A Little Story about State

Some time ago, I wrote a post about a way to save the state of an IEnumerator<T>.  What I didn't tell is the story behind the post.

I was writing a managed lexer and parser generator.  The system is pretty neat and includes things like GLR parsing, automatic inference of the AST types, automatic error recovery, and whole slew of other features.  The parser takes an IEnumerable<IToken> in order to decouple the lexer from the parser.  However, for many of the features of the parser, it needs a way to save the state the of the underlying token stream and possibly restore it at a later time after more of the stream has been consumed.

Originally, I wrote a MarkableEnumerator<T> which wrapped an IEnumerator<T> and consumed the input.  Clients could request a mark which they could then restore at a later point.  If they did this then the MarkableEnumerator<T> would continue at the restored point when MoveNext was called again.  This little piece of software (about 100 lines of code) caused Cyrus and me lots of trouble.  It was super complicated because it was heavily optimized to keep its internal storage as small as possible while preserving requested past state (and possibly restoring it).  It used a cyclical buffer and a number of opaque handles.  One of the worst problems is that it was a somewhat leaky abstraction since the complexity leaked into the code consuming it.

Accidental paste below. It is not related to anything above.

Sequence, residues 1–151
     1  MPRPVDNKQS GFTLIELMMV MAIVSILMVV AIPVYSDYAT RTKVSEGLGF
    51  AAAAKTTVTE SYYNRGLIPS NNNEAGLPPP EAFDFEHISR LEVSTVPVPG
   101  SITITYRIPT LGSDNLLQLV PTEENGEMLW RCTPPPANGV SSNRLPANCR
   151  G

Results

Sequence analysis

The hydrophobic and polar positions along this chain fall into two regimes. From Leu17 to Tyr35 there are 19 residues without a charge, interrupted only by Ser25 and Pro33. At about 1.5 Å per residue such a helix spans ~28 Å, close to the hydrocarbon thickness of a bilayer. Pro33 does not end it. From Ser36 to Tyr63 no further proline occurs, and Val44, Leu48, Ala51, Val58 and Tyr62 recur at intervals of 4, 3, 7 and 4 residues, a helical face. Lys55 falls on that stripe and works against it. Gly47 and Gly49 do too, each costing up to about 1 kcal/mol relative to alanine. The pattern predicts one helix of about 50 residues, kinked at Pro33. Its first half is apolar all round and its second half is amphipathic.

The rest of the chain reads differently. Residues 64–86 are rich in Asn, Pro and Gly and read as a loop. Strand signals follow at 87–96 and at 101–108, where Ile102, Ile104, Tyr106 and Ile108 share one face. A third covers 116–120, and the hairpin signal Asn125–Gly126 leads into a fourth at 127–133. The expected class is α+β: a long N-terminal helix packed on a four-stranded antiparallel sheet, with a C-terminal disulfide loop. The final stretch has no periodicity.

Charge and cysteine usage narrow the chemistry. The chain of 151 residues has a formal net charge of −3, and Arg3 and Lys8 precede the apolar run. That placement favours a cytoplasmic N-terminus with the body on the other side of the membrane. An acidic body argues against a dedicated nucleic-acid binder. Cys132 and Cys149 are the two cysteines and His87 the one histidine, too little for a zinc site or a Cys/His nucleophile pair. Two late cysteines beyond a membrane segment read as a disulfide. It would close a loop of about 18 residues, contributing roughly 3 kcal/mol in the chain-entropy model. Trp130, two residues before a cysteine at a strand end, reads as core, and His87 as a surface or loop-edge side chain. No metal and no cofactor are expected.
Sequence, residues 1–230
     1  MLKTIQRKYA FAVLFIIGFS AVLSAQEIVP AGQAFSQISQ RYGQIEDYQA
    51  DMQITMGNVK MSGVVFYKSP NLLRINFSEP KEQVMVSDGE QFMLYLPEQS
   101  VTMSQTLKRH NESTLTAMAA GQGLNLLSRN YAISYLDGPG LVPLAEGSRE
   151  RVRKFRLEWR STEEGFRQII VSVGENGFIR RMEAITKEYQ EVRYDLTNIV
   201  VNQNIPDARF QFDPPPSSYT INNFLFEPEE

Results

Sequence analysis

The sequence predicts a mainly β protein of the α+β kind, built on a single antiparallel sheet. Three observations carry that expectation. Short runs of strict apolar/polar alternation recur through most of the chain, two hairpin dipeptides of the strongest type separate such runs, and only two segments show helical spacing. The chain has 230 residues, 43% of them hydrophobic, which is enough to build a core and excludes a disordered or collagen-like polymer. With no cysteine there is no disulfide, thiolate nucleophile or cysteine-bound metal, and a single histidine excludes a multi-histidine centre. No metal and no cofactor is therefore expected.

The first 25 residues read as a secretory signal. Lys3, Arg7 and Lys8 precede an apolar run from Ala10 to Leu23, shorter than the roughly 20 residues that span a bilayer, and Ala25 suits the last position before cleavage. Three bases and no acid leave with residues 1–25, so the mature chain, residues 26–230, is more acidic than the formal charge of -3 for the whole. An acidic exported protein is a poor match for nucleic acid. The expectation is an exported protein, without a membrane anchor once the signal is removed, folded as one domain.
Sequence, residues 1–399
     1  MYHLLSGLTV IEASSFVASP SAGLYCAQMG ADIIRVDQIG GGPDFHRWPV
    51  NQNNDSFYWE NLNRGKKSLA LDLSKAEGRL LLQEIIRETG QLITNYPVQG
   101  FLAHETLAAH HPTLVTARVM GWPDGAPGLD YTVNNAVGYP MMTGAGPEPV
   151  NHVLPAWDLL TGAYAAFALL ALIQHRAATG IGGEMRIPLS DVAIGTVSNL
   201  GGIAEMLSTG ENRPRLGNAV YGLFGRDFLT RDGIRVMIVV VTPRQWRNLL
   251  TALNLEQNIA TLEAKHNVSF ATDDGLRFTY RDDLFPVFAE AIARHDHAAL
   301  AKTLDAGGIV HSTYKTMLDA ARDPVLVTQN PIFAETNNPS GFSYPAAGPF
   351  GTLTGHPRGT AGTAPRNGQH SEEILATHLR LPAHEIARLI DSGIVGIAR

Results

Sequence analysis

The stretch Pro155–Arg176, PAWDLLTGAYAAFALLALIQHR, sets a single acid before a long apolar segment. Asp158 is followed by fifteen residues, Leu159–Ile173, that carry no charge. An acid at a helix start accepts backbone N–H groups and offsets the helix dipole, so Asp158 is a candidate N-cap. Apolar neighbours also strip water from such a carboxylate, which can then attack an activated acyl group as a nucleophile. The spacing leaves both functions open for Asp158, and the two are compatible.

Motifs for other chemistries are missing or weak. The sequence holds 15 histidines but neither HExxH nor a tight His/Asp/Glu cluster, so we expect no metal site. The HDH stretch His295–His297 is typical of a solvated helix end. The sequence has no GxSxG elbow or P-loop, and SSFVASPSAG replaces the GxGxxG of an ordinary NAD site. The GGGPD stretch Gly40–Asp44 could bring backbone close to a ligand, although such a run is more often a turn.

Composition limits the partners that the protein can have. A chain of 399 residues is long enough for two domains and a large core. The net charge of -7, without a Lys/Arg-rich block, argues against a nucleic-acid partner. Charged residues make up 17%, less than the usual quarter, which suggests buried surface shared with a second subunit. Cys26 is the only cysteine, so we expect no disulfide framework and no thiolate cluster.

When the code was first introduced it was reasonably contained but over time its inherent complexity began to pervade the whole parser.  Eventually, it was hard to make improvements to the parser without breaking the invariants of the MarkableEnumerator.  It was an absolute horror.  I remember one night well past midnight, Cyrus and I were talking about how much we hated the thing, but we needed it to provide good performance.

Then it occurred to us that we could replace the whole mess of opaque handles, circular buffers, mark and release code, and MarkableEnumerators within MarkableEnumerators with just a linked list that wrapped the enumerator.  If someone wanted to save the state of the enumerator and resume it then all they need to do is keep a reference to the desired node.  To all of the clients, it looked just like an immutable linked list.  That is it.  So much simpler and guess what?  It was almost as fast.  But even more importantly, because of its simplicity we were able to make even more important code faster.  Our development time for new features rocketed again.

There are several lessons from this story, but one of them is perhaps the most important considering our current discussion.  Reducing the number and scope of side-effects simplifies the code.

Immutable Binary Trees

Mutation often seems to just cause problems.

Suppose that we want to create a BinaryTree class.  One straightforward implementation is